Easter: Resurrection and New Life

Last week, one of my piano students asked me why we don’t always celebrate Easter on the same date, the same way we celebrate Christmas. As she pointed out, Christmas is always December 25, no matter what day of the week on which that falls, while Easter is always observed on Sunday. Easter-Wallpaper-Background-03

I was happy to have the opportunity to explain that Easter is on Sunday because it was Christ’s resurrection day. Most Christians worship on Sundays rather than Saturdays to remember the day Christ arose. Until that time, everyone observed Saturday (the Sabbath) as their holy day of the week.

Furthermore, according to Wikipedia, the First Council of Nicaea (325) established the date of Easter as the first Sunday after the full moon (the Paschal Full Moon) following the March equinox. Ecclesiastically, the equinox is reckoned to be on 21 March (although the astronomical equinox occurs on 20 March in most years), and the “Full Moon” is not necessarily on the astronomically correct date. The date of Easter therefore varies from 22 March to 25 April inclusive. Eastern Christianity bases its calculations on the Julian calendar, whose 21 March corresponds, during the 21st century, to 3 April in the Gregorian calendar, and in which therefore the celebration of Easter varies between 4 April and 8 May. Easter is also linked to the Jewish Passover.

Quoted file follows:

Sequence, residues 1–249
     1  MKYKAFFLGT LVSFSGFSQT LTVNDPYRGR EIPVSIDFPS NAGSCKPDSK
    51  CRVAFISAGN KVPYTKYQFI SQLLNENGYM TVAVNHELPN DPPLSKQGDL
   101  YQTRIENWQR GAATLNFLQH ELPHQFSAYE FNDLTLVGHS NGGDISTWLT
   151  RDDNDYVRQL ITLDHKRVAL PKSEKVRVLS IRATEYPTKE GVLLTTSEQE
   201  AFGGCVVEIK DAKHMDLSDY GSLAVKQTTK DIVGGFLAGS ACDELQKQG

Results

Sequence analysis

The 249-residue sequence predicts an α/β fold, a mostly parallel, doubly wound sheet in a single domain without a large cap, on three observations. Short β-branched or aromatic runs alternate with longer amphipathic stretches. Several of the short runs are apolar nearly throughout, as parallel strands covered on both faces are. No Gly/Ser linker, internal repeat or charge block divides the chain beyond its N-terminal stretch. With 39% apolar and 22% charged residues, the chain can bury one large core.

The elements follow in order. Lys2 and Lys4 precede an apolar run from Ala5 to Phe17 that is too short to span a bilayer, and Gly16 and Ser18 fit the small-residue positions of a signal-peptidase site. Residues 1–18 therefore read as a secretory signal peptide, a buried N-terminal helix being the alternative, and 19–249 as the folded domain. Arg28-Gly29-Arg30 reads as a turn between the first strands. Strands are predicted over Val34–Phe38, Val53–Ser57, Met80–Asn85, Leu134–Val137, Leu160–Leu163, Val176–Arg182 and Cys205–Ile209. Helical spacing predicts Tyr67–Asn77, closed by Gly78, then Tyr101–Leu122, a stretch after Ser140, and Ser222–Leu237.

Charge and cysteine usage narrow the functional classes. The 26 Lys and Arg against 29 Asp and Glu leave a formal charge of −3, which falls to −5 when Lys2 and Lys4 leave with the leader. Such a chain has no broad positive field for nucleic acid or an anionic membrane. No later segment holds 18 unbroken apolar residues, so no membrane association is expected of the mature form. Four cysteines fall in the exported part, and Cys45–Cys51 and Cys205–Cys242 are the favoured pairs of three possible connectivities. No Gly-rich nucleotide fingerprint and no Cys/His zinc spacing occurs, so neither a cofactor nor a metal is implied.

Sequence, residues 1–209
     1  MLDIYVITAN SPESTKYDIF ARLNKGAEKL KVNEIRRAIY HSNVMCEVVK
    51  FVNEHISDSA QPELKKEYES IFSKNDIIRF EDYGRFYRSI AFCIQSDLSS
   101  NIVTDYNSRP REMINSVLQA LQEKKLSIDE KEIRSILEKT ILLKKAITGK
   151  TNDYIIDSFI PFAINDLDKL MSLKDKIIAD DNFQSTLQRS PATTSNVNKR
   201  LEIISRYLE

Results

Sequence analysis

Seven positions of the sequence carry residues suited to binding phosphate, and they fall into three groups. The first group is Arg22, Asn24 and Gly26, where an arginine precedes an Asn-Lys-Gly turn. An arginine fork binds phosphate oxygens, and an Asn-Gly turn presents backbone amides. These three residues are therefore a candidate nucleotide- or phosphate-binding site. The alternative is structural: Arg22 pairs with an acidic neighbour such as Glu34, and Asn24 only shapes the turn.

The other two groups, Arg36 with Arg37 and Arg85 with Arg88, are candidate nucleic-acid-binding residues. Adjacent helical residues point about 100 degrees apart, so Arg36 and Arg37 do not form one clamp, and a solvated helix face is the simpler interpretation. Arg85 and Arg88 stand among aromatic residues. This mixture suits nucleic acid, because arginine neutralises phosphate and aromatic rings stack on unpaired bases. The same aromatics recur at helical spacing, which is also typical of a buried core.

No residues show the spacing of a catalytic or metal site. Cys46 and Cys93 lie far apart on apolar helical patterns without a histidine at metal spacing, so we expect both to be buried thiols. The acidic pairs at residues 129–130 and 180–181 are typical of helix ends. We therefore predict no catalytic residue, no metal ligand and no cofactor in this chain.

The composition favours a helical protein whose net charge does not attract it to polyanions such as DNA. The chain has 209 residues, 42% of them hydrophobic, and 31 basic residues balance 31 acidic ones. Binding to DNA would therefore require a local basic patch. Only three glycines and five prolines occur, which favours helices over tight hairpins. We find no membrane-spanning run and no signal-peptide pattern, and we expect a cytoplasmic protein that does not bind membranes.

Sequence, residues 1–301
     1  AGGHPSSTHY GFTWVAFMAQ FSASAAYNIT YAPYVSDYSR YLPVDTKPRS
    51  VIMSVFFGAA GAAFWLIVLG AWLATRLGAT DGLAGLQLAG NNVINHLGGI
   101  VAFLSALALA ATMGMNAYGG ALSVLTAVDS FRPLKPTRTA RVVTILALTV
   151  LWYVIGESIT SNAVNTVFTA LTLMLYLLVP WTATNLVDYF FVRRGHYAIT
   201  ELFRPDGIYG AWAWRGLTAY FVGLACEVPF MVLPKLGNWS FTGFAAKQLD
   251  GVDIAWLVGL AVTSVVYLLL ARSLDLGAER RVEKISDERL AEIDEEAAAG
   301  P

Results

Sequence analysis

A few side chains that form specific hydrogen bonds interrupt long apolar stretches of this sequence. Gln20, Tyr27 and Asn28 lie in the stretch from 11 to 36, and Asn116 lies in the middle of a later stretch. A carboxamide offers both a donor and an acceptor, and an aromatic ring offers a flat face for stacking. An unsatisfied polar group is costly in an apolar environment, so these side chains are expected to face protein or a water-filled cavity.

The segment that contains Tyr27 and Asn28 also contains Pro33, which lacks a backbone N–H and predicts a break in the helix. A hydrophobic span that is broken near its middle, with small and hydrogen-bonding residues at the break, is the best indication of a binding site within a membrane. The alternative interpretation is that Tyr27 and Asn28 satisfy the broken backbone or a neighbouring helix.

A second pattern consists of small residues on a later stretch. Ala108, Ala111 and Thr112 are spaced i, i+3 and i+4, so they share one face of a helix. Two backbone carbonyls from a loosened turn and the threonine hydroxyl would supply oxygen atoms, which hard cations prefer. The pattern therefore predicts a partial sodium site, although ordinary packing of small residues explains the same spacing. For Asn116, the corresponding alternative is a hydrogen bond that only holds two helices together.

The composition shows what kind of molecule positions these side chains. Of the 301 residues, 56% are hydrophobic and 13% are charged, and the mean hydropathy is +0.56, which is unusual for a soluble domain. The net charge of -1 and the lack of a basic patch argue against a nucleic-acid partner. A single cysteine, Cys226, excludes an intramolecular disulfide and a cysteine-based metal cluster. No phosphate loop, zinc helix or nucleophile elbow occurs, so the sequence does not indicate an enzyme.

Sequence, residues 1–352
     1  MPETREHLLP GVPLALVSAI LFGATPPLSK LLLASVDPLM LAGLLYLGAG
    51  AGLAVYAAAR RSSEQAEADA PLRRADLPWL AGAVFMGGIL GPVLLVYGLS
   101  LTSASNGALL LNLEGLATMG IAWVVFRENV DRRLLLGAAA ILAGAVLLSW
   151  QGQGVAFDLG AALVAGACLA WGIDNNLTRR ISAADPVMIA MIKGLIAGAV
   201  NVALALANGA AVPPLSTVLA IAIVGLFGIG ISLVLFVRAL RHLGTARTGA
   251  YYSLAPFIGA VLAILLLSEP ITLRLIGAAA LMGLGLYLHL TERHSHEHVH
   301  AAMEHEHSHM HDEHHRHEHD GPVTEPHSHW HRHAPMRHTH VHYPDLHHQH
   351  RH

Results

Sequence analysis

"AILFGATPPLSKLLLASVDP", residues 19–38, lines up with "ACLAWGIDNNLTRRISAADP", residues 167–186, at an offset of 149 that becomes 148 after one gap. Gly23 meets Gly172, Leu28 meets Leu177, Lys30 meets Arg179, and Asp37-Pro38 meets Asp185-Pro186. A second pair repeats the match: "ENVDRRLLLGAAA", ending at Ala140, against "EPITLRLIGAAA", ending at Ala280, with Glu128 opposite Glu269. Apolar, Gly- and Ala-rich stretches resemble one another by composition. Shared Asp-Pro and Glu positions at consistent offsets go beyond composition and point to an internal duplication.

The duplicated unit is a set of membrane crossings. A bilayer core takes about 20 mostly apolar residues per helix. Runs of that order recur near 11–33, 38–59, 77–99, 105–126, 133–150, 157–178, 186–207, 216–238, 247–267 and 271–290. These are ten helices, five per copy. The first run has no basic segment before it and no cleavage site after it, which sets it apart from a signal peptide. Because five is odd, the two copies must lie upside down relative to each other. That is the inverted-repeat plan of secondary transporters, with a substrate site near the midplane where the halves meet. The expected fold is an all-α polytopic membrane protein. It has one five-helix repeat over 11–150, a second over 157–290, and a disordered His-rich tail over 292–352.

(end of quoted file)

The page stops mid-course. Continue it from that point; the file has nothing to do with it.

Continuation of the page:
I love this time of the year. Bradford pear trees, dogwood, daffodils, jonquils, irises, and many other plants bloom, making me think of new life. The trees begin to turn a lush green, and our lawns show the first signs of needing mowing.

Sometimes, I need to stop and look around me. I need to appreciate that “all things become new” and “old things are passed away.” Spring is my favorite time of year. There is a promise in the season.

Happy Easter!

I need your help!

I had a very interesting afternoon yesterday. After posting the latest chapter of Forever Yours (Yours by Design, Book 3) on BeyondAusten.com, I taught piano lessons. Just after 6 PM, my younger daughter and I went to First Baptist Church in Lancaster to do a photo shoot for Sincerely Yours, Book 2 in the series. The Accidentally Yours (Book 1) cover emphasized the Regency Darcy’s accident by showing the woods through which he was riding when his horse threw him. For the second book, I used the same template but changed the art drastically. I used the model for my modern Elizabeth – my daughter Melanie.

Cover for Accidentally Yours (Yours by Design, Book 1)

Cover for
Accidentally Yours
(Yours by Design, Book 1)

Tentative cover for Sincerely Yours  (Yours by Design, Book 2)

Tentative cover for Sincerely Yours
(Yours by Design, Book 2)

I thought I would use the huge white columns as a stand-in for the porch at The Oaks, Will Darcy’s plantation style home just outside Atlanta, Georgia. However, when my daughter and I went back through the pictures, we both decided on a playful shot which I could have made in my own front yard. We both think it expresses the personality of the modern Elizabeth – playful, independent, and unconventional.